-- If a man does not keep pace with his companions, perhaps it is because he hears a different drummer. Let him step to the music which he hears, however measured or far away. Henry David Thoreau

View TopamaxSurvivor's profile

TopamaxSurvivor

14855 posts in 2362 days


#4 posted 12-02-2010 10:13 AM

helluvawreck is correct about how easy it is to make tools. I made a cold chisel in high school. All you have to do is watch for the straw color, stabilize it and quence in oil or water.

-- "some old things are lovely, warm still with life ... of the forgotten men who made them." - D.H. Lawrence

View WoodsmanWoodworker's profile

WoodsmanWoodworker

146 posts in 1508 days


#5 posted 12-02-2010 02:08 PM

i want to do blacsmithing and make my own tools so bad, but still need a forge and some other tools i think.

-- We must protect the forests for those who can't speak, for the trees and animals. ~THE WOODSMAN~

View racerglen's profile

racerglen

2324 posts in 1466 days


#6 posted 12-02-2010 02:29 PM

There’s a lot you can do with a propane torch, the flat back part of a metal working vice, a hammer and a bucket of cold water. Then if it’s working for you, get an anvil, and the rest of the stuff..
I watched a friend use a charcoal BBQ as a forge (well, a hot thing anyway ) squirel fan to heat it up
more than just the briquettes ..but when the barbie starts glowing it’s time to back off ;-)

(and NOT an inside the shop thing to do either..outside thank you )

-- Glen, Vernon B.C. Canada

View WoodsmanWoodworker's profile

WoodsmanWoodworker

146 posts in 1508 days


#7 posted 12-02-2010 02:40 PM

I’ve heard of the propane torch idea, but i like the old ways and really want to make a small forge for making small things like plane blades, chisels, and other woodworking steel tools. Anyone have any ideas for a small coal forge plan?

-- We must protect the forests for those who can't speak, for the trees and animals. ~THE WOODSMAN~

View helluvawreck's profile (online now)

helluvawreck

15959 posts in 1552 days


#8 posted 12-02-2010 03:00 PM

Woodsman, that’s why you want to get that Weygers book. It tells you how to make everything that you need mostly out of salvage stuff. You can use a short section of a railroad track for an anvil or actually just a good hunk of steel out of the junk yard. You can find hammers and hammer heads everywhere. A good size sledge hammer head makes a good anvil for some small things. You can also build a forge from a few fire bricks and I’ve seen ‘em built out of truck rims. If you’re lucky you can even find some blackmithing tools at the junkyard. Any small blower will work for your forge and if you want to make an air source you can make a bellows that you can pump with your foot or your hand. You probably have a farrier in your area and you can get some blacksmith coal from him. Steel is every where. That blacksmith book is great too. You can start out with some channel locks for your first pair of tongs but really you can get you some decent used tongs for 15 or 20 bucks. You can start out with a small torch outfit and use use the stove oven for the lower temperatures.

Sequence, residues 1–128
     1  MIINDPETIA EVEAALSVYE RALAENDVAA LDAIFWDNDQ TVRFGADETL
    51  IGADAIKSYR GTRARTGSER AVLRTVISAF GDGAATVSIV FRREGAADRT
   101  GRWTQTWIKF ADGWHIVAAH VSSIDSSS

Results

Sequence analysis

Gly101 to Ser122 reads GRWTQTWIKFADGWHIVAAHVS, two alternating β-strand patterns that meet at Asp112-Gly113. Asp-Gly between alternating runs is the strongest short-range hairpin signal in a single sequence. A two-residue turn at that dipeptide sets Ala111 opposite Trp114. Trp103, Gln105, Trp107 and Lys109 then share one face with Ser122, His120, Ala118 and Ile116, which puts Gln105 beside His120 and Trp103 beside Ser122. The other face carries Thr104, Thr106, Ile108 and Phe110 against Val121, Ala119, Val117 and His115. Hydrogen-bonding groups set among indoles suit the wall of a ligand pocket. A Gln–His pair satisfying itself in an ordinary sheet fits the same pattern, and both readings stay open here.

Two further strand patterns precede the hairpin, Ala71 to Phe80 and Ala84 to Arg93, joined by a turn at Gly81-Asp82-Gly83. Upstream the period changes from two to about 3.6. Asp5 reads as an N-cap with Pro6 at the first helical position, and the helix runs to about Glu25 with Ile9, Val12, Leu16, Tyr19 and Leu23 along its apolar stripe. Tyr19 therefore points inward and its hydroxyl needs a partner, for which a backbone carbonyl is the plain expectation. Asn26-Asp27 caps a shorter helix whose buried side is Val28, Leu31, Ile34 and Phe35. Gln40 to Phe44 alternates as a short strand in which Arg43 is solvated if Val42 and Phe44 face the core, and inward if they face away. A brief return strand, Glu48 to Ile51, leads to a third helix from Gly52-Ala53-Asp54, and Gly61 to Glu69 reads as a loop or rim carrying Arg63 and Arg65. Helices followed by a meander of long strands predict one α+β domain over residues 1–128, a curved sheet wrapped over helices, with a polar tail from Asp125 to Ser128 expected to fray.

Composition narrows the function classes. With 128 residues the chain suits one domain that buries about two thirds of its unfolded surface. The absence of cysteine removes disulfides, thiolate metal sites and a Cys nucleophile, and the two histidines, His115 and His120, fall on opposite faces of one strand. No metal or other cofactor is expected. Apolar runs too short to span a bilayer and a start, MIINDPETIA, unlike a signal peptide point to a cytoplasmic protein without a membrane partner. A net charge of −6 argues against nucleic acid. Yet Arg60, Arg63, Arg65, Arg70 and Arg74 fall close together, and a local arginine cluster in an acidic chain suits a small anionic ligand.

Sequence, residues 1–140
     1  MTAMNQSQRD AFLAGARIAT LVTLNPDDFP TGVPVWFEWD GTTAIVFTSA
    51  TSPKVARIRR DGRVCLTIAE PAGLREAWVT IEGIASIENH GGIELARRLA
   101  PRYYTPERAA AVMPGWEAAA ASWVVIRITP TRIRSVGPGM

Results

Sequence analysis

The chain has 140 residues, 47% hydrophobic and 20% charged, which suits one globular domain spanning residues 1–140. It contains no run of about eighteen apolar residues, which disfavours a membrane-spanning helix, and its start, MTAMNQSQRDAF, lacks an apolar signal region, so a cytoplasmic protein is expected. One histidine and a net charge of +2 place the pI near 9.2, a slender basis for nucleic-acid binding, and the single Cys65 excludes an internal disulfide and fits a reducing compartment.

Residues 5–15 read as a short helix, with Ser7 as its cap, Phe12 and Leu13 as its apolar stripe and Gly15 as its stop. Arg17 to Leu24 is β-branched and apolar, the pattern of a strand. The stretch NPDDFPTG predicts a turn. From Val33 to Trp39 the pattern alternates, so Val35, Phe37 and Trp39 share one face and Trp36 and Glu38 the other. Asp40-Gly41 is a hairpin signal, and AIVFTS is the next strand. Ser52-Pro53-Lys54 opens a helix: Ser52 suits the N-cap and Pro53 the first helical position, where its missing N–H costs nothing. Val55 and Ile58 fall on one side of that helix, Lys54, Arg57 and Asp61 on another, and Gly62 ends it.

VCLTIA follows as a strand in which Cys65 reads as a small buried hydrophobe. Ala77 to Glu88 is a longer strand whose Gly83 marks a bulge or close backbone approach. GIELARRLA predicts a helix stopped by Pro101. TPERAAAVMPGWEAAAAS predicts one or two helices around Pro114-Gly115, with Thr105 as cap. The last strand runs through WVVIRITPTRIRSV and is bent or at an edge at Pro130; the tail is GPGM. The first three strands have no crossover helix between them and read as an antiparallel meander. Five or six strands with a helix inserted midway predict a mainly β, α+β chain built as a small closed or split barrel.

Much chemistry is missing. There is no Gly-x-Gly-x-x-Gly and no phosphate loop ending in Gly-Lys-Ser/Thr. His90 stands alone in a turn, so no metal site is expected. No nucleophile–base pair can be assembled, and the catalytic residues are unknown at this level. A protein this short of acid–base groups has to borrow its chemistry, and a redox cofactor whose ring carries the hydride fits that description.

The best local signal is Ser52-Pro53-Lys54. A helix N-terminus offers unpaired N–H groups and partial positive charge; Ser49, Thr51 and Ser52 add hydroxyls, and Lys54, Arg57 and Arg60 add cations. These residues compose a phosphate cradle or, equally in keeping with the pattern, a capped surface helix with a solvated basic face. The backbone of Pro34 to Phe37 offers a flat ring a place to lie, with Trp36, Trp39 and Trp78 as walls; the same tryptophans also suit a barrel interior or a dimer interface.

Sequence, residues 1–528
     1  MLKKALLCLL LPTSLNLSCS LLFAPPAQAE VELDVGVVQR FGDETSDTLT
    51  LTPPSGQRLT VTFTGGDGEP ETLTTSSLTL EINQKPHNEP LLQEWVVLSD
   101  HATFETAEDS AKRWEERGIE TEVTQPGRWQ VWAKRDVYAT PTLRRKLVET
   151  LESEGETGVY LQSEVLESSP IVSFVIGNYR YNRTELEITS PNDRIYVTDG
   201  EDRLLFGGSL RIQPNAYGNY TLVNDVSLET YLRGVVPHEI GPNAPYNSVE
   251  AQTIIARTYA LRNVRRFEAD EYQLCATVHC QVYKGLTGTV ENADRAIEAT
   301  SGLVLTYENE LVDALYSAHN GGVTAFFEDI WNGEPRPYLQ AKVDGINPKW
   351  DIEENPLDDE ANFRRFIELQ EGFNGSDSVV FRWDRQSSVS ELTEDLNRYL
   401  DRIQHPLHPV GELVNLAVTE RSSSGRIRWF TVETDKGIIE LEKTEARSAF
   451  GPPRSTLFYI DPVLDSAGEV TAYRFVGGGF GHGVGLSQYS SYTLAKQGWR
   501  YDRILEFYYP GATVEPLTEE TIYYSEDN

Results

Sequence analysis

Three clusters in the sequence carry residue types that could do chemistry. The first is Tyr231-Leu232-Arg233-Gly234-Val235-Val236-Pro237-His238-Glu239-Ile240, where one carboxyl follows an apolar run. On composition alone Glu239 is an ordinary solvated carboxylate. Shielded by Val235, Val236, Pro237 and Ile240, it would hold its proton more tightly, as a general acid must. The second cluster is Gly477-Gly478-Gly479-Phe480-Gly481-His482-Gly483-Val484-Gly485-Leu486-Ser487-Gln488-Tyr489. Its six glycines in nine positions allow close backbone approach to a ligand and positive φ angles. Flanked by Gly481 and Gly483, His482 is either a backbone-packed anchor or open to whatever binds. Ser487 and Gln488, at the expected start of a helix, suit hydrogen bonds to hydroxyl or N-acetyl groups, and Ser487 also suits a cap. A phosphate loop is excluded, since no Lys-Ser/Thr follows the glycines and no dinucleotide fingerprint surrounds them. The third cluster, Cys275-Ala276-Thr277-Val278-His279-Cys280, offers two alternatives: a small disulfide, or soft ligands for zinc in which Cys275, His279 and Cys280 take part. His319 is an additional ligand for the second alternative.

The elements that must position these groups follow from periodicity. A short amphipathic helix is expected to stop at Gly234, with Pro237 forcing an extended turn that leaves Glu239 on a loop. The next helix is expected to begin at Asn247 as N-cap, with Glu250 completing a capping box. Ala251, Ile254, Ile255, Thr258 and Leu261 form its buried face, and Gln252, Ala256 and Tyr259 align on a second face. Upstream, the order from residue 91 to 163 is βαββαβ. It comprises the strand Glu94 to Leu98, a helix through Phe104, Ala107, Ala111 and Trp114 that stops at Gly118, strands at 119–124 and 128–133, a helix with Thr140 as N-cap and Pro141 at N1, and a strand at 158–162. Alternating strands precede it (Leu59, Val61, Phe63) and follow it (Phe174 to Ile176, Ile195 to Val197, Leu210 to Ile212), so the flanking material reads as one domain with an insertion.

Now look here, I know what I’m telling you. So if you want to do it bad then there really ain’t nothing holding you back except for your own self. I’m not saying it won’t cost you some money but I’ll bet you can have a pretty good workable set up to get started with for under $100 maybe less depending on what kind of a scrounger you are.

Now look here, Woodsman. If you want to take a chance on my knowing what your address is you can PM me with your address and I’ll send you a copy of that Weygers book as a gift to get you started. I’ll also take a look and see what else I got. I have all kinds of junk laying around here.

So how do ya like them apples?

Now you ain’t got no excuse and your hooked by your own words “i want to do blacsmithing and make my own tools so bad”.

So, do you want to pM me with that address? :-|

-- If a man does not keep pace with his companions, perhaps it is because he hears a different drummer. Let him step to the music which he hears, however measured or far away. Henry David Thoreau

View racerglen's profile

racerglen

2324 posts in 1466 days


#9 posted 12-02-2010 03:08 PM

Now there’s an offer that you can’t turn down ! Helluvaniceguy , eh ;-)

-- Glen, Vernon B.C. Canada

View WoodsmanWoodworker's profile

WoodsmanWoodworker

146 posts in 1508 days


#10 posted 12-02-2010 05:44 PM

I’ll tell you all one thing, you all are some of the nicest people around and i mean that, i really appriciate you all. This is a great community, always gives supportive advice, and i thank you all.

-- We must protect the forests for those who can't speak, for the trees and animals. ~THE WOODSMAN~

View TopamaxSurvivor's profile

TopamaxSurvivor

14855 posts in 2362 days


#11 posted 12-02-2010 09:05 PM

You can definitely use an old wheel for a forge. All you need to get started in a small pile of fire brick.

-- "some old things are lovely, warm still with life ... of the forgotten men who made them." - D.H. Lawrence